The Numbers Are Not Pretty
“I’ve never been much of a fighter, apologies for what you’re about to see” ~ Ser Davos, Game of Thrones
What is the normal price of oil?
When looking at this chart, it is evident that, just like the weather, there is no normal. We can talk about average and mean, but things are only average on rare occasions. We can also look at minimums, maximums, and percentiles and the corresponding booms and busts.
If you know your fixed and variable costs in producing a barrel of oil, you can determine what price you need to make a profit and thus be viable longer-term.
If that number comes out to say $65 per barrel, you can then look at the historical results and see what percentage of time oil has been above that figure. If the future is like the past, that proportion of time is when you will be making money. The remaining time you will be losing money. It is best to have a margin of safety.
It all boils down to one thing. The lower your total costs the more likely you are to be profitable more often.
As a producer, you can trim costs internally or encourage service companies and other suppliers to drive their prices lower.
What Can Service Companies Do?
In the race to lower costs, you have two choices as a service company:
- Compete as a commodity on price
- Compete on value and price at a premium
If you choose to compete on price, you are subject to the same market forces as any commodity, which are supply, demand, and speculation. You can then use a similar analysis as above to determine when you will be profitable and when you will likely be breaking even or even losing money. Your ability to manage costs and the going market rates determines your profit.
Competing on value requires three aspects to be in balance:
- Products and Services: The value you deliver to customers
- Marketing and Sales: The value you communicate to your target market and customers
- Brand: The value your target market perceives you deliver
If these three aspects of value are not in balance, you will end up competing on price or lose market share (or both).
The Foundation – Improving Delivered Value
If you are not working on increasing the value you provide to your customers, you can bet some of your competitors are. The companies that can deliver the best quality and experience consistently tend to outperform their competitors significantly both in revenue and profitability.
Each business is different, but the common elements are:
- Good, well-trained people
- Systems and processes to ensure quality and consistency
- A strong culture in alignment with strategy
- A focus on employees, customers, and creating value
Not every company can innovate on products, but most can innovate on delivery. Innovation can be game changing or incremental. Small changes are usually less risky and can compound for significant impact.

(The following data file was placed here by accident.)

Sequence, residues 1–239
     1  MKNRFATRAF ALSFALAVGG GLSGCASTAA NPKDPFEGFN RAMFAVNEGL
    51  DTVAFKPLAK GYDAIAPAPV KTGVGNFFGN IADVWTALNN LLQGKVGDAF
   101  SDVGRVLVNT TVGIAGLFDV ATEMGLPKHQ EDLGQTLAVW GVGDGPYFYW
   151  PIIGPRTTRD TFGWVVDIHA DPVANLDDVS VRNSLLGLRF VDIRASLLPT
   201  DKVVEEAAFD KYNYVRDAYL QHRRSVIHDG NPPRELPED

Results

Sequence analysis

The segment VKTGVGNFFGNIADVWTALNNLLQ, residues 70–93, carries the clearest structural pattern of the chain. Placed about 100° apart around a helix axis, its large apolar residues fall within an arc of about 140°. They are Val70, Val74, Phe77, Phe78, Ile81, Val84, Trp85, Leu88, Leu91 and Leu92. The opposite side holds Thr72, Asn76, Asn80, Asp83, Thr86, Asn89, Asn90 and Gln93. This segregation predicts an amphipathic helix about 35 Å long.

The Word on the Street – Perceived Value
There are several ways your target market can hear about your ability to deliver value:
- Your marketing
- Your customers and suppliers
- Your people
- Your competitors
- Rumour, speculation, and guessing
If you can’t deliver quality consistently, eventually the market will hear about it, and you value will be depressed or non-existent. Restaurants go under quickly when customers start getting disgruntled because of poor quality and service.
The market can also form an inaccurate and detrimental picture of your brand for a variety of reasons. You need to manage your brand actively.
Marketing and Sales – Communicating Value
In the past, many companies got away with very little marketing sophistication. During a hot market, sales are relatively easy, and salespeople become order-takers and relationship builders.
In a down market, activity and sales are low, so why bother chasing them in a tight market? You fall back on the excuse that no one is buying, you trim costs, and you wait it out.
You are ignoring two risks:
- You brand reputation
- The wait may be long
Companies that merely follow the market tend to lag the market and their competitors. In a hot market, you do well but not as well as your competitors. Your competitors know the secret of building in a down market. That primes them to jump on a rising market much faster and grow with fewer issues.
In any market, you should be investing some marketing dollars to maintaining your brand with existing clients and your overall target market. You are priming the pump for when the market rebounds as well as ensuring your competitors don’t poach your customers.
If you are thinking strategically, you will also invest some marketing budget to position your company as a trusted alternative if any of your competitors stumble. Most companies keep a short A-List of suppliers and a few B-Listers. The buy from the A-List first and only use the B-List if required. They never get to the C-List, but they may use them to force prices down.
If you have the option of entering a new market, either geographically or in another vertical, you will need to commit funds to marketing. The industry baseline is you should budget at least 10% of your target revenue for acquiring customers. This budget is a mix of marketing, PR, and sales. In a tight or highly competitive market, that percentage could increase significantly.
Hope and Help
If you want to sell your products and services at a premium based on value instead of cost, you need to keep working on the three aspects of value:
- Brand perception
In a down market, you have more time to tackle this, but you may have lost your in-house expertise or it may be something new. Outsourcing and working with specialists could get you up and running at a fraction of the cost of building out a full-time internal team. Plus, you get a deeper set of skills.
The bold create the future instead of waiting for it to happen.
Originally published in the May edition of the Oilfield Pulse